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The Japan Cinema ANT

Part 1 of the Japanese Cinema Book focuses on the theories and approaches of Japanese film studies in both Japan and Anglo-Saxon academia. Rendering an archeology of discourses against a linear, teleological historiography, all the authors have made in-depth surveys of historical and contemporary scholarships in regards to each topic (early cinema, authorship, spectatorship, criticism, narrative, and feminist film studies), except for Kosuke Kinoshita who invests more effort into the case study.

With a diversified group of contributors, the book pays careful attention to the politics of language, from the Japanese word order of name to the translation of terms. As mentioned in the book, the Japanese word eiga doesn’t really differentiate between movie, film, and cinema (which is the same case in Chinese). The originally imported film culture immediately finds its local vitality with its conceptual traces back to the long tradition of gento and stage performances. In its development, different actors in the network (see Bruno Latour’s actor-network theory, or ANT) are at once inextricably linked, such as the dynamic relationship between the author and the spectator mediated by benshi in the silent film era, the common case wherein a member of a film crew carries out multiple tasks or an outstanding performer also directs or writes scripts, as well as foreign theories constantly interacting with local thinkings and agendas.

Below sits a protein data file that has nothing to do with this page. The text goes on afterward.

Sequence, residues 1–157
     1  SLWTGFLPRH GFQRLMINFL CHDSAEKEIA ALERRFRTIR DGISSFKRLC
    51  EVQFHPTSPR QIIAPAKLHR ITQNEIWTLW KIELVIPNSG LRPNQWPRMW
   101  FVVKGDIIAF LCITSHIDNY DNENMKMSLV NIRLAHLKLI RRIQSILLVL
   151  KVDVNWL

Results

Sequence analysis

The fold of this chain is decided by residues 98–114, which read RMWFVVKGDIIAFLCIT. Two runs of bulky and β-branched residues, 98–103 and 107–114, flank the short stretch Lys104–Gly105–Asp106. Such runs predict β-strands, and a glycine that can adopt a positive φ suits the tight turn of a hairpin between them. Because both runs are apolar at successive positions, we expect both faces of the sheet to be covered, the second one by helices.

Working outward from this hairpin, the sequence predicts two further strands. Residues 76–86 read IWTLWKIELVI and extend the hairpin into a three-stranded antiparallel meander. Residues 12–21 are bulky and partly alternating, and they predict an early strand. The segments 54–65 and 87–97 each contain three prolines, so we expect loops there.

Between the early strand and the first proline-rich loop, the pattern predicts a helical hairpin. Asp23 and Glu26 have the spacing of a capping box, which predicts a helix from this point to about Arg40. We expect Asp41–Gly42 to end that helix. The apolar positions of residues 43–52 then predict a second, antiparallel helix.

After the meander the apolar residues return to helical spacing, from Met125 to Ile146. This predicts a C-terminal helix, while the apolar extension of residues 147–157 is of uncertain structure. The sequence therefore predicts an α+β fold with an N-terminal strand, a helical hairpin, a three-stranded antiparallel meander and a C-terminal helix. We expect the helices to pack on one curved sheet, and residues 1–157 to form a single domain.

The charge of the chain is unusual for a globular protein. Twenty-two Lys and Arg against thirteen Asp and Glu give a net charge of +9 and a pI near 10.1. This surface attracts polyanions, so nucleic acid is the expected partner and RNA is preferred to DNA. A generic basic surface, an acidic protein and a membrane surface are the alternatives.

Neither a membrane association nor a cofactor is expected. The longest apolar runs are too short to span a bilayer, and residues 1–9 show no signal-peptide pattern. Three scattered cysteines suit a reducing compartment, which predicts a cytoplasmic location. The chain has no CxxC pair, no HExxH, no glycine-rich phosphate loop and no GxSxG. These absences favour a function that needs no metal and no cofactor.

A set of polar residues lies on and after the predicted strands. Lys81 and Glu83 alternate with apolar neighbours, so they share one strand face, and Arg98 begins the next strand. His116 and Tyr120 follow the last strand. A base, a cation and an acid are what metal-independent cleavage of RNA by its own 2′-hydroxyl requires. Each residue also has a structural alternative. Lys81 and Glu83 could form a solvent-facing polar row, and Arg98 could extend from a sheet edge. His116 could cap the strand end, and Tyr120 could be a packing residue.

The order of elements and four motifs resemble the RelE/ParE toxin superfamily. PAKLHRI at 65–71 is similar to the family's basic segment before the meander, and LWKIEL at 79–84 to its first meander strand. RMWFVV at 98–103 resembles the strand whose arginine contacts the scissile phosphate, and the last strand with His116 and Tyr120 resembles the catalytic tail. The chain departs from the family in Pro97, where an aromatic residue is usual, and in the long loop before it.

Japan’s film industry, as with other countries, enjoys a unique development trajectory, and perception of it (along with its essential differences) in this volume provides indispensable connections to Anglo-Saxon trajectories. A wide range of historical materials and perspectives have been brought into the book precisely to encourage local readings of Japanese film industry and transboundary understandings of the context, as alternatives to the Orientalist, nationalist and gendered viewpoints that prevailed in the last century. Such a common ground contributes to the strong sense of a transnational academic community embodied in the book, where many contributors share the same references from different standpoints or cross referring to each other’s work.


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